A street car raising its iron moan; stopping, belling and starting; stertorous; rousing and raising again its iron increasing moan and swimming its gold windows and straw seats on past and past and past, the bleak spark crackling and cursing above it like a small malignant spirit set to dog its tracks; the iron whine rises on rising speed; still risen, faints; halts, the faint stinging bell; rises again, still fainter, fainting, lifting, lifts, faints forgone: forgotten.
&We are thinking we must mention the cicada. Agee after describing the songs of what he calls the locust files it away (the sound of cicada like the sound of a metal file on metal) into the category of noises one doesn’t notice (the sea and what he wonderfully calls the ocean’s “precocious grandchild,” the blood) until “you catch yourself listening.” Catch yourself. That is what always happens when prose becomes patina by poetry. When it rusts. We forget that oxidation describes both a fire and a rust. Narrative prose plays with fire while the lyric rusts, I think. Sand paper and steel wool. Poetry wears down prose, worries the surface of words (making us attentive to the possibilities) like the long languishing day is being tarnished (second by second) by the moisture-saturated shadow blackness of the new night. The playful enjoyment of the misreading of a graying page of paling appealing letters in the dark. We take our time to take takes of all the readings of each word. We catch ourselves listening. We catch ourselves reading. But I was talking about the cicada and their summery ambient ear-ringing toll, the ratchet of the cogs and gears, the wincing winch of the understated boom of night’s nightly curtain. Etcetera. Etcetera. Etcetera. Etcetera. There is your lyric in play, see-sawing (sea-sawing?) words up and down and around until… Go ahead and Google (now there’s a word) “cicada.” The computer called back to me 2,810,000 results in .41 seconds (google Google you get 3,220,000,000 results in .64 seconds). The act of googling reminds me of cicada, the massive emergence of millions of the bugs in a buried brood (13 years, 17 years underground) years before any singing gets started. Then the transitions. Of darkness into light, the below into the above. And the cicada itself embodies that (a transition, a transgression), leaving their husked papery shells scaling the trees, a kind of blooming into song. Google “cicada haiku” and there is another brood. Basho, Buson, Issa, Shiki bubble up to the surface, sing cicada, these lozenges of time-released time, these winged capsules that dissolve the scored corporeal into ambient supersonic song.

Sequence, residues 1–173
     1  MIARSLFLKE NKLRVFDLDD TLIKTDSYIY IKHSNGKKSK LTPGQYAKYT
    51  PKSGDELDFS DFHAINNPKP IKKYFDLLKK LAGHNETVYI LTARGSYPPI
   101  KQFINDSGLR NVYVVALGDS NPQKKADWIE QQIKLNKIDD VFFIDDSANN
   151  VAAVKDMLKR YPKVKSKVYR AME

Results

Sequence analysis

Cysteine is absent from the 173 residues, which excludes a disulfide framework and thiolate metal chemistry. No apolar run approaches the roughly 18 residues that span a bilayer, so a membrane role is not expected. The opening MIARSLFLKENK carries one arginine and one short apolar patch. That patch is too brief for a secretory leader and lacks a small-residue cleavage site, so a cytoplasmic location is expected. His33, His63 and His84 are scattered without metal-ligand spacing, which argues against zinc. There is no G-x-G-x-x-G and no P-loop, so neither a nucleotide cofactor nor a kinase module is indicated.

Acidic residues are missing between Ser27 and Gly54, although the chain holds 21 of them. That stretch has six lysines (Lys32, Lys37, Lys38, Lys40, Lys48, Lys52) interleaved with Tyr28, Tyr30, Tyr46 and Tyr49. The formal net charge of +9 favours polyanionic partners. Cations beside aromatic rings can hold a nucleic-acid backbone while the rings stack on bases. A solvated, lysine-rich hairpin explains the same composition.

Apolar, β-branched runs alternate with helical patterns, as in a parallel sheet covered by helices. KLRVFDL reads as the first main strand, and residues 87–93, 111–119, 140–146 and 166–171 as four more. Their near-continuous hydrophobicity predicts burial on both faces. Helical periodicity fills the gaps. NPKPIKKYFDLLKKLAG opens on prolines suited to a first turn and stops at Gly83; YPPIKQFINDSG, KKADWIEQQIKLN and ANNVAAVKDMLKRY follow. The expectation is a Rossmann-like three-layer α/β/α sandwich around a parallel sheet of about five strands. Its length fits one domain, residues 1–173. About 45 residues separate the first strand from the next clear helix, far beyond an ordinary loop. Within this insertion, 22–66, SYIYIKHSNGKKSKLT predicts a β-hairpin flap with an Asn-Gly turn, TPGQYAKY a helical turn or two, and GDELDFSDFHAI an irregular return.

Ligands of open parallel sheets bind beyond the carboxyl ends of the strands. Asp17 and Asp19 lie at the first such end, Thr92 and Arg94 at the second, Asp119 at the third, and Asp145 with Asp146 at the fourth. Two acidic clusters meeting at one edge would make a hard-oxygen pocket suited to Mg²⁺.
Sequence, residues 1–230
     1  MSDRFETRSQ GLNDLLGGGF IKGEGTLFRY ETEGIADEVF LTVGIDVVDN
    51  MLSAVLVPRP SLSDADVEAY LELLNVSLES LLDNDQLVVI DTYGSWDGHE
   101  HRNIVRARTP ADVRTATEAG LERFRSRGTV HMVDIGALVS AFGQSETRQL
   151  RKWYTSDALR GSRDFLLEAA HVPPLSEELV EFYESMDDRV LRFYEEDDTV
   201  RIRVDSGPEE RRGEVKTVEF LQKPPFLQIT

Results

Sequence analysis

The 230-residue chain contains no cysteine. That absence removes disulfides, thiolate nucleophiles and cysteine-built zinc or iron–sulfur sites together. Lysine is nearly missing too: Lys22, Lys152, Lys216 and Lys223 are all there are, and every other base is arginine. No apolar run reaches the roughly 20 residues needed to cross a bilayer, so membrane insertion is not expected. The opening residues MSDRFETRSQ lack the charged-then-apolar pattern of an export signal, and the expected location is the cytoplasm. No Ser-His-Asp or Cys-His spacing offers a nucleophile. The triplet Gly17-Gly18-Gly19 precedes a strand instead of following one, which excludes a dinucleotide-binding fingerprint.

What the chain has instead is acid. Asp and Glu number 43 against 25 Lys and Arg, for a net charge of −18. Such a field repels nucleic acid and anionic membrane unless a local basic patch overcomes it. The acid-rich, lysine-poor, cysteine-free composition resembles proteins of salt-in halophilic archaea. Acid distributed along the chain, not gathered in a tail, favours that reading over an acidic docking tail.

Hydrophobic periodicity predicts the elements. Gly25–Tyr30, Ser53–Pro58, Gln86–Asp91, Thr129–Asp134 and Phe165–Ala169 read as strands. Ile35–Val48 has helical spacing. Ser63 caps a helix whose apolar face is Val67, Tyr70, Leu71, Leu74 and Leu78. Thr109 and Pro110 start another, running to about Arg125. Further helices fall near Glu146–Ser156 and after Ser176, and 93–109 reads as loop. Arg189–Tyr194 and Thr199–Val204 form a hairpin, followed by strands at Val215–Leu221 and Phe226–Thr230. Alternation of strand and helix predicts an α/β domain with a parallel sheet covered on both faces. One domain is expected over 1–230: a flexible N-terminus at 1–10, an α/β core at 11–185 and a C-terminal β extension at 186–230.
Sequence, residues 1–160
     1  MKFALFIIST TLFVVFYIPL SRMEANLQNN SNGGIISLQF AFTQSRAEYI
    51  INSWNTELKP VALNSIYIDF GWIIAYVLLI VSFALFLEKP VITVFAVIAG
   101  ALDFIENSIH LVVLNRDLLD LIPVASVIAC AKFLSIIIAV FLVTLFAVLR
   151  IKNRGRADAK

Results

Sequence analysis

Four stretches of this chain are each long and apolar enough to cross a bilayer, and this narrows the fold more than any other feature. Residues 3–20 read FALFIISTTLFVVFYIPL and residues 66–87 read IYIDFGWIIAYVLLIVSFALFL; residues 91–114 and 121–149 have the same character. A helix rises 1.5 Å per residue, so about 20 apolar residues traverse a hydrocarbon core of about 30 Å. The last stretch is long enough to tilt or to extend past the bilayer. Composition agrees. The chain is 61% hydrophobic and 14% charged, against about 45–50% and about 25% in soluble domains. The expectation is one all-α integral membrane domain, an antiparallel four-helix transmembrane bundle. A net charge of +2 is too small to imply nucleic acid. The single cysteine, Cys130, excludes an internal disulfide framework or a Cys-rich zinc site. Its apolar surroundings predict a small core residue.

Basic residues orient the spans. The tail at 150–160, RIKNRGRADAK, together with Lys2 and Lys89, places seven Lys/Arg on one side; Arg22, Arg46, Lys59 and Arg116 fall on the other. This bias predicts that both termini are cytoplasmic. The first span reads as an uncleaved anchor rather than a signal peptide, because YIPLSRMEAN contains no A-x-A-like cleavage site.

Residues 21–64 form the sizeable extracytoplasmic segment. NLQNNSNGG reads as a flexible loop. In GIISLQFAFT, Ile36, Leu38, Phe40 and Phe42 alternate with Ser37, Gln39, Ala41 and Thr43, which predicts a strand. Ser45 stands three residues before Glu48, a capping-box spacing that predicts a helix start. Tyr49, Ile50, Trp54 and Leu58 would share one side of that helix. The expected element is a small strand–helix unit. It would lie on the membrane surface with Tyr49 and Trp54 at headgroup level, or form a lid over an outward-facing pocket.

a cicada shell
it sang itself
utterly away –Basho
Now is the night one blue dew.The blue dew is the essay’s hinge. The action moves from the front yard to the back. The litany of sounds and images are put to bed. Quilts spread and hoses coiled. All eyes lift up, up from the unglossed glossy lawn to, up into the night sky and the stars that have always been there but invisible in the light of day. Dew appears to appear magically out of the invisible air (out of the air) when the fluctuations of temperature and elemental states and specific gravities recalibrate over time. Dew is condensed. Condensation. Dew is distilled. Distilled as is this lyric essay itself. Concentrating on the weight of the dew tinctured blue and beaded, the silvered metallic mercurial drops tinctured by the absence of light. And while the grass grows heavy the light grows light, goes light, gravity escapes, evaporates, and the family through the eyes of the grub of the boyhood Agee and the adult Agee the boy had become looking back begin to lift, float, become locust-like, incorporeal, utterly nothing, nothing but a song already and always sung singing.
Michael Martone’s new books, Brooding: Essays and The Moon Over Wapakoneta: Fictions and Science Fictions from Indiana and Beyond, will be published in 2018. He lives and works in Tuscaloosa.